A man is being investigated by Brigham Young University (BYU) after he damaged LGBTQ+ friendly chalk art near campus.

The incident took place on Thursday (26 August), shortly after an event that encouraged students to write positive words for the school’s queer community.

After everyone went home, the unidentified man proceeded to pour water on the messages and shouted anti-LGBTQ+ language.

The incident was captured on video by Provo, Utah resident Amber Sorensen. In the recorded clip, he can be heard, saying “Oh no, uh, f****** go to hell.”

“I still kind of can’t believe that I saw that with my real-life eyes, because that is something that you see on other people’s videos,” Sorensen told Fox13 news.

Anthony Guth, a witness who was also at the scene, said that he and Sorensen were admiring the thoughtful messages before the man began defacing the chalk art.

Lauren Rogers, an alumni of the religious university, organized the gathering to combat the views of former BYU president, Jeffrey R Holland.

Earlier this week, Holland delivered an anti-LGBTQ+ speech, in which he encouraged students to not advocate for the queer community.

“The events of this week, including that speech, have kind of drawn a line in the sand,” Sorensen said.

Sorensen’s video managed to go viral on TikTok, which led to BYU releasing a statement.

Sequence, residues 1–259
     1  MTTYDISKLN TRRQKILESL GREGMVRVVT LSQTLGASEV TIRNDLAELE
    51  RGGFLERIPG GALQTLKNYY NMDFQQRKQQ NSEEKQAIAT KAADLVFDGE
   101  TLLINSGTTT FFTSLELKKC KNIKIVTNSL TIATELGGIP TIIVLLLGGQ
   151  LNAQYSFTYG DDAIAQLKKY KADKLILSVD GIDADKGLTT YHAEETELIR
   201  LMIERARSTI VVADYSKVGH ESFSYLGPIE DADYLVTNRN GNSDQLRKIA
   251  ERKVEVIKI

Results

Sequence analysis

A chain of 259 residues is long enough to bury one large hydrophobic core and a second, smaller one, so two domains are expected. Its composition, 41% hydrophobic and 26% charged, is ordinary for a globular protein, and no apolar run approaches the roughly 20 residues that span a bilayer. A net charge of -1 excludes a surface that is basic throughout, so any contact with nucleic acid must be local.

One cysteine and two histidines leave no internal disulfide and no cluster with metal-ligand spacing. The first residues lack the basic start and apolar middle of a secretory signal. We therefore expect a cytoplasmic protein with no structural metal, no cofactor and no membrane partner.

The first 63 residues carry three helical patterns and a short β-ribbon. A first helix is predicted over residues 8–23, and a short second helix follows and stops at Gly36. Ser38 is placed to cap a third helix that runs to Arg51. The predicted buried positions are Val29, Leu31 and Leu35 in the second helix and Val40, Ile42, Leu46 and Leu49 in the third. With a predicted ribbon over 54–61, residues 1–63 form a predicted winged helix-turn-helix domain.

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A post shared by Amber Sorensen (@amber_jane_9)

“We unequivocally condemn behaviour and language that is disrespectful and hurtful. There is no place for hateful speech, or prejudice of any kind, on our campus or in our community,” the statement said.

“The Honor Code explicitly states that each member of the BYU community has the obligation to respect others. The incident seen in a video circulating on social media is now under review.

“We are striving to create a community of belonging composed of students, faculty and staff whose hearts are knit together in love. Every student and individual on our campus deserves that feeling of belonging.”

Even though the event encountered a homophobic road bump, Rogers said that a lot of positivity came out of the gathering.

She revealed that people who weren’t initially involved in the festivities asked to join the group because of its impactful message.

“When we explained it to them, they were like ‘That’s amazing, can we join?’” Rogers told The Daily Universe.

On Friday (27 August), students went back to the chalk filled area to write more LGBTQ+ friendly messages.

Read BYU’S full statement below.